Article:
It's also true, as Eliason says, that the FBI knew who Sussmann was. The idea that they would have treated the information he was passing to them differently had they known he was a Democratic lawyer is laughable. Frankly, if that's true, someone at the FBI should be fired. Sussmann was a high-profile lawyer working at a firm well-known for its work with the Clintons and Democrats. They knew precisely who he was, and would have known he was lying if he actually lied during the meeting with Baker.

All told: I'm leaning much more toward "ending with a whimper" than I am toward "cracking the Russia case." It’s likely Sussmann is a shady political actor, and this is a nice piece of insight into how these stories often make their way to the press. But when Durham was appointed, many Trump loyalists assured me — in interviews, on social media, in conversations over drinks — that this investigation would bring down the whole thing. Obama, Clinton, Jim Comey, the corrupt deep state. Durham was going to turn the rocks over and prove Trump was right all along.

So far, though, he's got one low-level lawyer on the hook for doctoring an email to continue monitoring Carter Page and another, well-known Democratic lawyer who is almost certainly going to evade prosecution for allegedly misrepresenting the capacity in which he was bringing forward evidence. And the evidence itself wasn't even deemed doctored or fraudulent — it just didn't turn up any smoking gun.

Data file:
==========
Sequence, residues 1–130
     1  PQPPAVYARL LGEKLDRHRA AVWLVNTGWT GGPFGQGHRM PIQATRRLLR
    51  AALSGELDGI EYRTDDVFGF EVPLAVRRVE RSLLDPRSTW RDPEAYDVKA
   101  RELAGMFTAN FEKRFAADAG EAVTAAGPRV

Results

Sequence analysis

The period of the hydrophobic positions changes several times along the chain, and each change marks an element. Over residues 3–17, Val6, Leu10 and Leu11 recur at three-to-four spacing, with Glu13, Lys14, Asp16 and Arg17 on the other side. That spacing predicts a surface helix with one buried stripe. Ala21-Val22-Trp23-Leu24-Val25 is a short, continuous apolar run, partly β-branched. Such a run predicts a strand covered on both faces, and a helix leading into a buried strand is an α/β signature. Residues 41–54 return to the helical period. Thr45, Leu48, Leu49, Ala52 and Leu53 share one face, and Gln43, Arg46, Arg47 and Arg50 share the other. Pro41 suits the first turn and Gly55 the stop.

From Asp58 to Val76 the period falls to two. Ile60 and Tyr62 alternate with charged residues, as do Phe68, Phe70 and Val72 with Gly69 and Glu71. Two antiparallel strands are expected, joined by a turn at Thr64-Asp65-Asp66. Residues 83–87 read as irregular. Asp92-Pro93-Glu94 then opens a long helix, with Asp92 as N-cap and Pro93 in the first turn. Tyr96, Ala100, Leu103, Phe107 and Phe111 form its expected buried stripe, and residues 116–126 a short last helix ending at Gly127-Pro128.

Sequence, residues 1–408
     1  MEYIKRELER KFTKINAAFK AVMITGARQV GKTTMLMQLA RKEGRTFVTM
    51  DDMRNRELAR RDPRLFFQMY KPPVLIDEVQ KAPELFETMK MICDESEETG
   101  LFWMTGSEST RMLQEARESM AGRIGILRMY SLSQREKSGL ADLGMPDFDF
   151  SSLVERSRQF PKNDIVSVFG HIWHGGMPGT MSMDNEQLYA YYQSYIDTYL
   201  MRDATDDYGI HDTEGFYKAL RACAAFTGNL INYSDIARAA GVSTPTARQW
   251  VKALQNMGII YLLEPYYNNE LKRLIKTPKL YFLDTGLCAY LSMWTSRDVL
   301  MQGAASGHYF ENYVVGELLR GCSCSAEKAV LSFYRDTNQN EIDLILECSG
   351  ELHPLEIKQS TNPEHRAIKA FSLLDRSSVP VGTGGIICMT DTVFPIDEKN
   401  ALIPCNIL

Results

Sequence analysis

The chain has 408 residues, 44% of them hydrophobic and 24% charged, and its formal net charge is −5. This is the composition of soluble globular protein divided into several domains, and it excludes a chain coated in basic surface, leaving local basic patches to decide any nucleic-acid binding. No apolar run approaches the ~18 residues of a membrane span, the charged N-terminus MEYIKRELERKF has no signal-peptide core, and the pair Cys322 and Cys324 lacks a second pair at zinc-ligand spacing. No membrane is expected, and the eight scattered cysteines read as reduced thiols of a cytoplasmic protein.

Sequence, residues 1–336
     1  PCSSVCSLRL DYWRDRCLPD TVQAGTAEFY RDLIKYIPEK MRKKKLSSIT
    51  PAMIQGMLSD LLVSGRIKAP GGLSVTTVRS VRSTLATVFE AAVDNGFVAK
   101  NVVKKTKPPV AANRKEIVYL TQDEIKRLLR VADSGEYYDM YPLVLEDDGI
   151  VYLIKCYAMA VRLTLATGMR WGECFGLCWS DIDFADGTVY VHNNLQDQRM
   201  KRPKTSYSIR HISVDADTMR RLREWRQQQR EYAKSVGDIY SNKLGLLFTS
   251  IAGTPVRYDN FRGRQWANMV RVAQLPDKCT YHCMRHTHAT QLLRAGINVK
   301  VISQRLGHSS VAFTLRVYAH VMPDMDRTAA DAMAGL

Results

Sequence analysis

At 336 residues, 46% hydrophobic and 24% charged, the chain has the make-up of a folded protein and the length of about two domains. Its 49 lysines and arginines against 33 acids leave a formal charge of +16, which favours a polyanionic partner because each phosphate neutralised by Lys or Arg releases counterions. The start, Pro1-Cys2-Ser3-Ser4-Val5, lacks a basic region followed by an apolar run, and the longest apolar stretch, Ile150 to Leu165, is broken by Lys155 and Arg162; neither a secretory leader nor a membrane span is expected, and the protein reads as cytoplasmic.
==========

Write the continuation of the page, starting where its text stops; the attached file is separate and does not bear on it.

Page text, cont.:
Does Durham have more? Could this be the tip of the iceberg? It's possible. And if he does I'll change my tune. But it seems increasingly unlikely every day. He's had over two years now, longer than the entire Mueller investigation into Trump, and so far I'm seeing some evidence of dirty campaign politics but not a whole lot of evidence of a deep, corrupt federal government using the intelligence agencies to derail Trump’s presidency.

We'll find out soon if there's more. But don’t hold your breath.


Your questions, answered.

Today's main story took up a lot of space, so we are skipping the reader question. But if you want to ask something to be answered in the newsletter, you can simply reply to this email or fill out this form.

A story that matters.

The first lawsuits against a doctor who performed an abortion have been filed in Texas. Dr. Alan Braid, a San Antonio doctor who admitted in a Washington Post column that he performed an abortion prohibited by the law earlier this month, has officially been sued in two separate lawsuits. However, the circumstances are bizarre: One of the plaintiffs says he's not opposed to abortion, and the other's lawsuit reportedly asks that the state's new abortion restrictions be ruled unconstitutional. Both of the plaintiffs who filed the lawsuits are disbarred lawyers, and Oscar Stilley — the plaintiff who said he is not opposed to abortion — openly described his motivation as wanting the $10,000 in damages or to find out if the new law can actually hold up in court. If the law is struck down because of his lawsuit, he would view it as a good thing. In other words: he sees the lawsuit as a win-win. The Texas Tribune has the story.


Numbers.

  • 675,000. The approximate number of Americans who have been killed by Covid-19, more than the 1918-19 Spanish flu.
  • 50 million. The estimated number of people who died globally from the Spanish flu.
  • 4.6 million. The number of people who have died globally from Covid-19.
  • 7,800,000,000. The estimated population of earth today.
  • 1,800,000,000. The estimated population of earth in 1918.
  • $2.1 billion. The estimated price Google is paying for a New York City office building in Manhattan.

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Isaac Saul

I'm a politics reporter who grew up in Buck County, PA — one of the most politically divisive counties in America. I'm trying to fix the way we consume political news.